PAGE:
Jim, you are not only making art, you are making the material you make art from. So please explain the process of creating this ink/raw pigment material you are working with: what do you call this stuff? How did you end up making it?
OK, here goes: The material I use is an acrylic gloss medium into which I mix ink and/or raw pigment, and with this mix I can basically do anything–create any color, any surface texture, and I can make colors opaque or transparent to any degree. This might not sound like much, but to an abstract painter like me it’s incredible, especially the ability to make strong, transparent colors which can be poured—magic! Normal acrylic paints are all opaque. Same with oils, plus if you pour out thick layers of oil paint, they may never dry: some of the best ab-ex paintings from the 50’s are still wet just below the surface!
Anyway, I first discovered the properties of A.G.M back in 1989 while varnishing a mixed-media portrait of the French poet Paul Eluard–I had used this deep blue ink for his jacket, and the A.G.M. accidentally picked up some of the ink and made a beautiful transparent light blue wash, and that was it–my Eureka moment! Right away I started experimenting with A.G.M. mixtures. But A.G.M. is expensive and I was poor, so it was a long time before I could use it for large scale paintings.
Over the years I’ve experimented with everything including Polyurethane (highly toxic), poster paint (cheap but chalky), Elmer’s Glue (inexpensive & organic but mostly opaque and dries brittle) and various artificial resins (all toxic and nasty). But for me A.G.M. was (and is) the answer, and now it’s all I use. I hand mix every color, and can make things look exactly the way I envision them in my mind.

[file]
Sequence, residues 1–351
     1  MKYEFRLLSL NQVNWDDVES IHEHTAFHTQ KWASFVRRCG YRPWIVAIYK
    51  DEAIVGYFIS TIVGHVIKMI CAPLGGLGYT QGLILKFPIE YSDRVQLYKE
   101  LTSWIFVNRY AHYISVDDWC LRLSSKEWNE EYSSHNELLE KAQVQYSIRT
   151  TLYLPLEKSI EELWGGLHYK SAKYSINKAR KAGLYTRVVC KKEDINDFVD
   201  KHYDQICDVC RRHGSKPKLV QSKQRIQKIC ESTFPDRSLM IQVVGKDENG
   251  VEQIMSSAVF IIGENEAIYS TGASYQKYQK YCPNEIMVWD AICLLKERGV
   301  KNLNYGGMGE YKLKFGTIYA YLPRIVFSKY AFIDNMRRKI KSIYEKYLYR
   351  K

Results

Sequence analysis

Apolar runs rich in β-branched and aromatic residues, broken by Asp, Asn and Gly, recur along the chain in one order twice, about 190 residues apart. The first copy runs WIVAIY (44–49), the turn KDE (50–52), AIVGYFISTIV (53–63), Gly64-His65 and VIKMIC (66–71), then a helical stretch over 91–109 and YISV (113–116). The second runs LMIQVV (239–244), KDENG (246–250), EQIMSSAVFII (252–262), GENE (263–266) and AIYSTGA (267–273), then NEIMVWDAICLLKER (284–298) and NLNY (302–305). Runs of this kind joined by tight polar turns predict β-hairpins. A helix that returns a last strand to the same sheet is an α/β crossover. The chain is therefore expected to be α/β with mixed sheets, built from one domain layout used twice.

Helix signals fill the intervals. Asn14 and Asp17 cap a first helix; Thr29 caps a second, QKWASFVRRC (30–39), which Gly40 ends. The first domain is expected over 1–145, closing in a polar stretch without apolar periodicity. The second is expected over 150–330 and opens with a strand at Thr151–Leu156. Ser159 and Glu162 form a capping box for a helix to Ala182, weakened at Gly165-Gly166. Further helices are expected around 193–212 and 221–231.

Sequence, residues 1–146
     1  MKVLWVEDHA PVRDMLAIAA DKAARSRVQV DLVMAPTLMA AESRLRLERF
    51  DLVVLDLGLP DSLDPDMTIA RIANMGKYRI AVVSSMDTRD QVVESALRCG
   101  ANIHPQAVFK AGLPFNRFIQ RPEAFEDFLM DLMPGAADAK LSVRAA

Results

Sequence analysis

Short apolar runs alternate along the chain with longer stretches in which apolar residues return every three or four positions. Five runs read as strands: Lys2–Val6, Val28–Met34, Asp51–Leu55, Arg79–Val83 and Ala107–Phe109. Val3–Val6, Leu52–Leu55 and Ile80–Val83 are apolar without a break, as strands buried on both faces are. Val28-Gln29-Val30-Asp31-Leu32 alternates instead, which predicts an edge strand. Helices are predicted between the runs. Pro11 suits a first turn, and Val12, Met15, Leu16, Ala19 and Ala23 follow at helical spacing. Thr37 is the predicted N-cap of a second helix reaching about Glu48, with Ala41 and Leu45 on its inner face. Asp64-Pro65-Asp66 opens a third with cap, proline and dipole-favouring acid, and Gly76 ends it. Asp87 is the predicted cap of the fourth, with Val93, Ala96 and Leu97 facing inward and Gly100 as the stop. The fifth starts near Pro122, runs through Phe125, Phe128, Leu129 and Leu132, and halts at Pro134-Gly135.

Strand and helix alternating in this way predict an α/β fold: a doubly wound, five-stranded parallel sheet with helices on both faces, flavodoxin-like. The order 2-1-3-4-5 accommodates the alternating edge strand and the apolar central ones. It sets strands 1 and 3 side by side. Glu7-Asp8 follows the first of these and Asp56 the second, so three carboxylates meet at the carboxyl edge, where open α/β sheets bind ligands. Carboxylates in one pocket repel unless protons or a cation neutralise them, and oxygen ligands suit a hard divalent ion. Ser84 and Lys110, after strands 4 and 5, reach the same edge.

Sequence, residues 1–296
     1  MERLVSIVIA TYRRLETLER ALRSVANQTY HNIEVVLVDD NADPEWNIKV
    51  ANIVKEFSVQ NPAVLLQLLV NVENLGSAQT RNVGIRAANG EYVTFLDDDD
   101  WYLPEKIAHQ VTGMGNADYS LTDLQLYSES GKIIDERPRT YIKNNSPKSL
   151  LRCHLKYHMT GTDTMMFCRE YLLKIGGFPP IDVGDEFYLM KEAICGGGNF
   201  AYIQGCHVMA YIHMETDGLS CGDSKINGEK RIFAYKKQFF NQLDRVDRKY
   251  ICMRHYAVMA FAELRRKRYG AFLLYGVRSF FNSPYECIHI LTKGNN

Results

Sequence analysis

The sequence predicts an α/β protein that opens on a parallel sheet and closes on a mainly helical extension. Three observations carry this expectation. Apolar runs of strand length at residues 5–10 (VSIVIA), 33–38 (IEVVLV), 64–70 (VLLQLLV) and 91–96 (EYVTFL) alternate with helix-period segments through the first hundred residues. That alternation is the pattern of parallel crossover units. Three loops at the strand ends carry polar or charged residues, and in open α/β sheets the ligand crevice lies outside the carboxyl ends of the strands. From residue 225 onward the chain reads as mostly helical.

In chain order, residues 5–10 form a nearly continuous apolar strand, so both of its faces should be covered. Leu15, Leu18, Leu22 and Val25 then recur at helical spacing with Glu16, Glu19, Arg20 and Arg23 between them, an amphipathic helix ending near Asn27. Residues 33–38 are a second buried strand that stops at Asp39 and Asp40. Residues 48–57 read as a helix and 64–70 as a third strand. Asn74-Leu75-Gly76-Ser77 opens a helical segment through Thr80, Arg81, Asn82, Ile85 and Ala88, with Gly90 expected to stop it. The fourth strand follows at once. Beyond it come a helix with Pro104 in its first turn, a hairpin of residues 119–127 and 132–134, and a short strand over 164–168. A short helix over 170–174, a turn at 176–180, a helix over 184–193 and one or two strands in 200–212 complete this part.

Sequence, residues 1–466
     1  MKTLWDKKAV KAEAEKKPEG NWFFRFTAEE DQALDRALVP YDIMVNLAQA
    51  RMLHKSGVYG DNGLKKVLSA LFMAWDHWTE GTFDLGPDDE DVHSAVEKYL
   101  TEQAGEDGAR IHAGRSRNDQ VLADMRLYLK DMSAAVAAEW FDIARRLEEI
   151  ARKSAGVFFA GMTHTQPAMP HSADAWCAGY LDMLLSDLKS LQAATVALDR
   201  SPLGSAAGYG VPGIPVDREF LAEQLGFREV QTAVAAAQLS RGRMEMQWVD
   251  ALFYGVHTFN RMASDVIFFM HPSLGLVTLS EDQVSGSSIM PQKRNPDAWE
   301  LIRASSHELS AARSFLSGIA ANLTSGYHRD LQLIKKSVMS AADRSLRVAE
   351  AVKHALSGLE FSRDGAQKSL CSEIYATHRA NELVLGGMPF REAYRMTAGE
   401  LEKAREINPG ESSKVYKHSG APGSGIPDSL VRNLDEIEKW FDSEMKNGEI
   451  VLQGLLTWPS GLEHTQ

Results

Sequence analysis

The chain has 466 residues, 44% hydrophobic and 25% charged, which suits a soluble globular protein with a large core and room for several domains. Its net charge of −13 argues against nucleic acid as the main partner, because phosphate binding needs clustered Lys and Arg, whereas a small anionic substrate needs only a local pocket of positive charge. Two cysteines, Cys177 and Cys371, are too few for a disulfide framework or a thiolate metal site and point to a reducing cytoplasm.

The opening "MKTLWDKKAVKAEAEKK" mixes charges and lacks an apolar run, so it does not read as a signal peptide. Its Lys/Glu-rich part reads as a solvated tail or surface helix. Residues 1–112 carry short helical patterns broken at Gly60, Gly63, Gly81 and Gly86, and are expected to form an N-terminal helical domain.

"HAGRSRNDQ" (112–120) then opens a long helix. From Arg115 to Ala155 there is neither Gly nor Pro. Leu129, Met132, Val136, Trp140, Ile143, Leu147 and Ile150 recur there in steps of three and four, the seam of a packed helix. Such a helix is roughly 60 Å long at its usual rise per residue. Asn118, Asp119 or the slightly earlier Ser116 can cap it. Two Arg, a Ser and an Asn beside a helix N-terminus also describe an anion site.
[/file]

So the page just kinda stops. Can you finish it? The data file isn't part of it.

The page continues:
Wow, Eluard provided that! I love this poem of his:
She Looks Into Me
She looks into me
The unknowing heart
To see if I love
She has confidence she forgets
Under the clouds of her eyelids
Her head falls asleep in my hands
Where are we
He alive she alive
And my head rolls through her dreams.
So you have found your building block! I Now I have to ask you about the pour. You can’t mention the pour without talking about the drip. So please tell me where you stand on the pour, how it’s related (or not) to the drip, and your view on the action of pouring–is your work a recording of the pour? Does the act of pouring have other meanings for you?
To me pouring is just another technique for applying paint to a surface and the act of pouring doesn’t have any significance in itself. The act of making a painting, though, has every significance for me–mostly it reminds me that existence is miraculous, even when it’s difficult, nerve-wracking, shitty. The act of making a painting does that for me. It connects me to the larger system, which is everything.
That said, pouring works very well for me partly because of its imprecision–I don’t throw skeins of paint like Pollock did–my pouring is usually done a few inches above the canvas. Even so, when you pour a fluid mixture onto a surface, all kinds of things can happen, and that’s what I’m looking for: I create certain parameters, pour out my material, and see what happens. I’m looking for a balance between my intentions and the accidental, the random, the uncontrolled experience.